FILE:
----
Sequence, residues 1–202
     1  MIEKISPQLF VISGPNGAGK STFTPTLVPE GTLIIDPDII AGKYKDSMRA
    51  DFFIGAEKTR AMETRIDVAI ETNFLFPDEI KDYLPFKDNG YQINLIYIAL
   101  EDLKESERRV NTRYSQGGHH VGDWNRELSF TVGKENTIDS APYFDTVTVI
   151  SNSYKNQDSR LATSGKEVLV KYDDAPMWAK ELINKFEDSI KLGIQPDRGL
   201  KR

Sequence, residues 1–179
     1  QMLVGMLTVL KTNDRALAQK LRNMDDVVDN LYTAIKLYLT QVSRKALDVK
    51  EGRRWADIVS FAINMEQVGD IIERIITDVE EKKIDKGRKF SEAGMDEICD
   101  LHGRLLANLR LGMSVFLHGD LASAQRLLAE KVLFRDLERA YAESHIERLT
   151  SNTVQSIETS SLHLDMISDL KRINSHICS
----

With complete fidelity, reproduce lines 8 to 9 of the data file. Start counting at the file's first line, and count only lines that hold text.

     1  QMLVGMLTVL KTNDRALAQK LRNMDDVVDN LYTAIKLYLT QVSRKALDVK
    51  EGRRWADIVS FAINMEQVGD IIERIITDVE EKKIDKGRKF SEAGMDEICD